The Executive Council is assisted by an Advisory Board which includes independent directors appointed by the Board itself as well as representatives from chambers of commerce or industries where appropriate.

    The Accounting Standards Development Process

    The accounting standards development process in India started with the issuance of Accounting Standards Advisory Committee (ASAC) Guidelines in 1992. ASAC is constituted by the Central government and consists of representatives from various financial institutions, including the RBI. After issuing the guidelines, ASAC solicits comments from stakeholders and publishes a Discussion Paper. The Discussion Paper is then circulated to relevant organizations for their feedback. After considering the comments, ASAC releases an Exposure Draft which is open for public comment. If there are any changes made to the Exposure Draft, ASAC publishes a Revised Exposure Draft which is also open for public comment. Following public comment, ASAC releases a Statement of Objectives and Principles (SOP) which sets out the main objectives and principles behind the proposed standard. ASAC then finalizes the standard after taking into account all comments received during this process.

    Issuing Accounting Standards in India

    In India, the accounting standards are issued by the Accounting and Corporate Regulatory Authority (ACRA). The ACRA was established in 2005 with the objective of promoting transparent financial reporting, improving corporate governance and enhancing investor confidence. The authority has been given the responsibility to develop and promulgate Indian Accounting Standards (IAS) and International Financial Reporting Standards (IFRS).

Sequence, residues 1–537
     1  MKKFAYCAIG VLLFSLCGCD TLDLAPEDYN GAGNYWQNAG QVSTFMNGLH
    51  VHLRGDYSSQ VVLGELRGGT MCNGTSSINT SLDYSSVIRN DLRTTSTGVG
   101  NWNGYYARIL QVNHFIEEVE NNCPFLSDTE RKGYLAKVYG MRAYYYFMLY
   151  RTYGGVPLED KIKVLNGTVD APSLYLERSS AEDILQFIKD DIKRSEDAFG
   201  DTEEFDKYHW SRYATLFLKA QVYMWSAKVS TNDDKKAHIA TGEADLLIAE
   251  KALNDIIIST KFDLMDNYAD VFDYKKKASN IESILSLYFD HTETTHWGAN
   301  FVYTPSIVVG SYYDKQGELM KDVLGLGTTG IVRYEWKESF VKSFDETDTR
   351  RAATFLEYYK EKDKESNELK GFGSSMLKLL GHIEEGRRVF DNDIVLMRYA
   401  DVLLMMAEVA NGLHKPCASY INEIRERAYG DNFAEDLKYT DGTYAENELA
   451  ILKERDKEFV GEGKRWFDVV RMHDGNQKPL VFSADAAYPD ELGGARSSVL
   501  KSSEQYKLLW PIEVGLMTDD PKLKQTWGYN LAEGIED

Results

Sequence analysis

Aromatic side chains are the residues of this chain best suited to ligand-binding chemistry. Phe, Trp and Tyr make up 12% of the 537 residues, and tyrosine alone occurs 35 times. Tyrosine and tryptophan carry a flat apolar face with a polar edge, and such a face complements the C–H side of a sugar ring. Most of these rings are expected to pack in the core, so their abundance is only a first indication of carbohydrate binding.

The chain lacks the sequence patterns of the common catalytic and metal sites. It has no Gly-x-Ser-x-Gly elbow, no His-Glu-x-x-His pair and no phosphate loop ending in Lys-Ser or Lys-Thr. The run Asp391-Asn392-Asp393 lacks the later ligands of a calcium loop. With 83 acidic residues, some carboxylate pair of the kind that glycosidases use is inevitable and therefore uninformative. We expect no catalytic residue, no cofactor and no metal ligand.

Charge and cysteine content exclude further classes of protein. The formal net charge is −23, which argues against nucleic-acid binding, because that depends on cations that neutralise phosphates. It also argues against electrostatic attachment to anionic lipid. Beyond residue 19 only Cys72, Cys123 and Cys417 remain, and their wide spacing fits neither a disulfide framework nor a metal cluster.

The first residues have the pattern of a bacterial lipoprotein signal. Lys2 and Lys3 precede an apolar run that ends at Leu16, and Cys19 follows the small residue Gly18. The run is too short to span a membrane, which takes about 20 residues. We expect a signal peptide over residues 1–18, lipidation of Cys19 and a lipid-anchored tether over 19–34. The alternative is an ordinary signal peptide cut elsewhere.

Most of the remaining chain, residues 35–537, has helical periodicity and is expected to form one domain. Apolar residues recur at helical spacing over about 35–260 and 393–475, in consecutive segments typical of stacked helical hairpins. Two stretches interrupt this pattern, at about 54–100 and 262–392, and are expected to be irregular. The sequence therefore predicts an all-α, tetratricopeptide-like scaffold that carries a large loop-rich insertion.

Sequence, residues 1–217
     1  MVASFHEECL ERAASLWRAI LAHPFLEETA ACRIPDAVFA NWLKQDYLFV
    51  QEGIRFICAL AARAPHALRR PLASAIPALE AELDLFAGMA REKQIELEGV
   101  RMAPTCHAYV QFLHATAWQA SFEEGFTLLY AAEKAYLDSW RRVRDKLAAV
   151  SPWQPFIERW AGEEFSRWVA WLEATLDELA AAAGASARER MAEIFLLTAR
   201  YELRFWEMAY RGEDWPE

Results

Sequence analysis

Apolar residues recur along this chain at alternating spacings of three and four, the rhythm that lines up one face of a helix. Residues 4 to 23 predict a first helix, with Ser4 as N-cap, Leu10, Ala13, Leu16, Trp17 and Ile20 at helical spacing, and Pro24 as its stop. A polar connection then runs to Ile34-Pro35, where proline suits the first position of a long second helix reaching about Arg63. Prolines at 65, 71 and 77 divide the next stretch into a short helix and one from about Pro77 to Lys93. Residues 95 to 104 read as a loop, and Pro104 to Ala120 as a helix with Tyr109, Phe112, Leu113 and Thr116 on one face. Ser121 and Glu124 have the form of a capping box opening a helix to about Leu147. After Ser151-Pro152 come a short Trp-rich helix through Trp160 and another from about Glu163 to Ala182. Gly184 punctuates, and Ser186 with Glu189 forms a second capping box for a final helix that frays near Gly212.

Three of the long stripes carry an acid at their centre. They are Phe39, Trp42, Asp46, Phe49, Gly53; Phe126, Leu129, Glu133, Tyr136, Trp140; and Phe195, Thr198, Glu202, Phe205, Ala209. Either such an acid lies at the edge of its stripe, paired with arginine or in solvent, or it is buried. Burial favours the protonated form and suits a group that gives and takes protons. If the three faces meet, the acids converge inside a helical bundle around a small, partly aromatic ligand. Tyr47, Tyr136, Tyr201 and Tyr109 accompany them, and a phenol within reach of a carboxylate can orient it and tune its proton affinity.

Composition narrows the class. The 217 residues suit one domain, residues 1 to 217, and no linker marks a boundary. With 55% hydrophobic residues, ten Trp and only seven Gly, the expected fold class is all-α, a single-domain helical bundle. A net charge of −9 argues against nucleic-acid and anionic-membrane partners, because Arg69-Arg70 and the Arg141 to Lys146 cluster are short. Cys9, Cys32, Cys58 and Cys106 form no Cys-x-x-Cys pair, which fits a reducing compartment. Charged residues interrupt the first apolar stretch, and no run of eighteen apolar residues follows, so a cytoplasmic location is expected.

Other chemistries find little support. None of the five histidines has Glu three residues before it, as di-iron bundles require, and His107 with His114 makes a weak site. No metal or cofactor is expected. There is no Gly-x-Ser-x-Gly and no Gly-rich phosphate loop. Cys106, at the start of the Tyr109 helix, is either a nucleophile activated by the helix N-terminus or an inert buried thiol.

The process for issuing IAS is as follows: First, ACRA receives proposals from various market participants to develop accounting standards. After considering these proposals, ACRA develops a draft standard that is then circulated to various stakeholders for comments. Stakeholders are typically companies, business associations, think tanks, academics and other interested parties. Once all comments have been received, ACRA either modifies the draft standard or issues a new standard as its final version.

    ACRA has issued eight standards so far:

    1) IAS 8 – Financial Instruments: Issuance and Trading (2005)
    2) IAS 27 – Revenue from Contracts with Customers (2006)
    3) IAS 31 – Employee Benefit Plans: Employer’s Report on Form 990 (2008)
    4) IAS 32 – Share-Based Payment Arrangements: Disclosure Requirements (2009)
    5) IAS 38 – Property, Plant and Equipment: Impairment loss Recognition and Other Financial Reporting Issues (2011), 6) IAS 39 – Income Taxes: Taxation of Non-Residents in India (2012), 7) IAS 40 – Financial Reporting in Non-Financial Corporations (2013), 8) IAS 41 – Equity Method Investment Funds: Disclosure Requirements (2014)


    In this article, we will discuss the procedure for issuing accounting standards in India. We will also provide a brief overview of the Indian Accounting Standards Board (IASB) and its role in providing independent guidance to accountants on how to apply Generally Accepted Accounting Principles (GAAP). Finally, we will provide an outline of the process involved in proposing and finalizing accounting standards in India.